I mean, what's the chatter you hear? I mean, you're a prominent Republican by virtue of having run for president and been on the stage in 2016. Are people saying we need to somehow, if-- if Trump loses, we need to somehow excommunicate the Trump wing and reclaim the Republican Party? Or is it more like start a new party or try to go back to some kind of big tent or what?

CARLY FIORINA: Well, you know, the conversations honestly are kind of all over the map. And every single one of the alternatives that you just laid out is being discussed by various people in the party. I also think, however, that that conversation hasn't really happened to the extent it needs to. Because in the Trump Republican Party, it's all about loyalty to Trump. That is the definition of a loyal Republican now is loyalty to Trump.

And in fact, one of the things that I have said publicly and said to many of my colleagues is we are not asked as citizens of this country to pledge allegiance to a party. And we're certainly not asked to pledge allegiance to a president, any president. We're asked instead as citizens to pledge allegiance to a flag one nation under God, indivisible, with liberty and justice for all and to pledge loyalty to a Constitution.

And so I say all that to say this. One of the things that I think we would be well advised to get rid of a little bit is this feeling that we either have to be always loyal to one team or another. George Washington many, many years ago, 1789 to be exact, said the trouble with political parties is they will come to care only about winning. And I think we've seen that. And so I just start from the point of view that becoming a loyal party member is not necessarily our highest order objective as citizens or as business people in this country.

RICK NEWMAN: If Trump loses, maybe he will do the Republicans a favor and try to create his own party and sort of go off and do his own thing. He-- you know, there are rumors that he's going to create his own TV network. We'll see. But you said, at the beginning of our session here, you said before you got into politics or when you got into politics, so you did get into politics. Are you still in politics? Are there things you want to run for or some role you want to have in the political world?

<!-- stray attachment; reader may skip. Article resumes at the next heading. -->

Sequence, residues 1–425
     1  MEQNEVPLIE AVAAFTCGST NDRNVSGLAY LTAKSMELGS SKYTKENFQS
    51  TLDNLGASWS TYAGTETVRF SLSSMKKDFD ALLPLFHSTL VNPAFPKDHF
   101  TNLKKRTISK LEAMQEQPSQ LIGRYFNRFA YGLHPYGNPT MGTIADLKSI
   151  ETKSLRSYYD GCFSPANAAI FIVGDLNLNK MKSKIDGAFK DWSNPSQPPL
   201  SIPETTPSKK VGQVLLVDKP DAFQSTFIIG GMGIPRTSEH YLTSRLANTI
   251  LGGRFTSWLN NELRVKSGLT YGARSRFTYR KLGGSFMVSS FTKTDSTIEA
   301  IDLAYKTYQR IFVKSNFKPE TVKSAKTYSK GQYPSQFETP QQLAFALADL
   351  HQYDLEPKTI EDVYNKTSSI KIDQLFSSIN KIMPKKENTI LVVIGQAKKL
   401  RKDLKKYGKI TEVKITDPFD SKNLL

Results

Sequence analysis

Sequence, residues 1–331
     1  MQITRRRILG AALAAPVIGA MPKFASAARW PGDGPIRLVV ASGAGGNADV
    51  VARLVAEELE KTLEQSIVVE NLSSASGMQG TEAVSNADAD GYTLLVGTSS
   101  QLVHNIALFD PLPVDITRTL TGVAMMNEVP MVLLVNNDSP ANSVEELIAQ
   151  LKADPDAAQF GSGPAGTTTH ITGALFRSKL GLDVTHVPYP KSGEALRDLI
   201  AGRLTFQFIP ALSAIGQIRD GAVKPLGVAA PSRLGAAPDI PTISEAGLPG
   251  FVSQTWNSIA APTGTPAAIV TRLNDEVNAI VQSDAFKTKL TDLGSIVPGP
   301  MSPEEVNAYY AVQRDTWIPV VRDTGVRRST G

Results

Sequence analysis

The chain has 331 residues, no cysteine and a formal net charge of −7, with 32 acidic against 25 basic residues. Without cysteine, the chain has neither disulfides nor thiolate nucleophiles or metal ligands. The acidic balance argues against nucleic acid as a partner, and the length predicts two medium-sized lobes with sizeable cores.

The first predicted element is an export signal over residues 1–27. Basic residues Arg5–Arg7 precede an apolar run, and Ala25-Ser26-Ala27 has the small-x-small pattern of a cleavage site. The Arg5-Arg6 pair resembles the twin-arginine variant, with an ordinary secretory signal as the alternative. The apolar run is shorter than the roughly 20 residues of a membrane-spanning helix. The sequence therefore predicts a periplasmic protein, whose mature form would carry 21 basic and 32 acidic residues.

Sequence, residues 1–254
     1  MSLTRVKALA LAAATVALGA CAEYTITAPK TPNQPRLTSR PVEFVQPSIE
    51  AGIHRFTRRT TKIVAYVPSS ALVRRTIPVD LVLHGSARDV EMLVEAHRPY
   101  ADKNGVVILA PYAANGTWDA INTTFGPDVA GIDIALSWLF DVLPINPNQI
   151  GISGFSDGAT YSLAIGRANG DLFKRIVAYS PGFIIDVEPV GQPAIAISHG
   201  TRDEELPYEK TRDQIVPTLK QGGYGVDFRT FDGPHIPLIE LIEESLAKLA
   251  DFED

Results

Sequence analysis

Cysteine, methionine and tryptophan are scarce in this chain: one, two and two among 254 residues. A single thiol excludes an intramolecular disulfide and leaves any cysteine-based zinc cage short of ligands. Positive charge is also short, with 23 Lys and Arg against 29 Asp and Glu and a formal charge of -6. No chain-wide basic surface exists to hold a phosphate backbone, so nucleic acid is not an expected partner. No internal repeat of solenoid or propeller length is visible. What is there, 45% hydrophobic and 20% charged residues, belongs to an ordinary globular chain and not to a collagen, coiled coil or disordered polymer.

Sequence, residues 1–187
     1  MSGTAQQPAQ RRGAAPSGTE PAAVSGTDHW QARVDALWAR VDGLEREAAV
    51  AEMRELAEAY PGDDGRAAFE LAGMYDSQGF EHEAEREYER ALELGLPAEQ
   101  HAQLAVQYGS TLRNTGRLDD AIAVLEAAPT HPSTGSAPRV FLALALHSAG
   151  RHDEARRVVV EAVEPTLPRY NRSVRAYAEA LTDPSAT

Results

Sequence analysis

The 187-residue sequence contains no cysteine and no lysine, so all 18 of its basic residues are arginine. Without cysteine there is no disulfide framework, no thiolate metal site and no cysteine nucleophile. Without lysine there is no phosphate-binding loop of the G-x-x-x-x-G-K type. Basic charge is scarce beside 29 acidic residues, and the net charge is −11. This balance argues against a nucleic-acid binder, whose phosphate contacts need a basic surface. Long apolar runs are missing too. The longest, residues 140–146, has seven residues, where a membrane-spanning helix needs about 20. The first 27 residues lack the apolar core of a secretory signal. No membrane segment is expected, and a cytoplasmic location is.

CARLY FIORINA: Well, you know, the answer to that is I don't know. And the honest answer is I didn't have a plan to get into politics. I didn't have a plan to run for president. But I do want always to make a positive contribution. And I am not afraid to take advantage of opportunities when they present themselves.

And I thought there was an opportunity in 2016 for someone outside of the political world who understood how to solve problems. Many voters agreed with me. That's why I think as I said that Donald Trump was elected president in the end.

So we'll see. We'll see what the future holds. But in the meantime, in the meantime, we have an election in-- thank goodness-- only eight more days now. And I am fully occupied and fully satisfied, I must say, with the work that I do lifting up leaders, helping leaders become more effective, whether that's in the corporate world where I do a great deal of work or in the nonprofit world.

Because as I said earlier, I think civil society, whether it's for profit or not for profit, has to play a bigger role going forward. We can't just leave it to politicians and say, my job is to make money or serve the homeless. It's the politician's job to take care of everything else. I don't think that's worked very well.

RICK NEWMAN: So-- so in the last minute we have left, is there any advice you would give Joe Biden, if it were one single thing whether it's his manner of presenting or the way he delivers his message or who he's trying to deliver his message to, anything you would suggest he do better?

CARLY FIORINA: No, I would tell him to be who he is. He has said that he wants to be an American president. And that's what we need. So don't be the leader of the Democrat party. Don't listen to your political operatives. Don't listen to all the folks telling you about what your policies need to be. Be who you are.

And who he is I think is a collaborator. Who he is is a decent, humble man of character who's willing to listen to anybody and work with anyone and who's focused I think pretty singularly on unifying the nation. Who he is I think is actually what we need right now.

RICK NEWMAN: Carly Fiorina, thank you so much. Carly Fiorina, former CEO of Hewlett-Packard--

CARLY FIORINA: Thanks for having me.

RICK NEWMAN: --and Republican presidential candidate back in 2016. Thank you very much.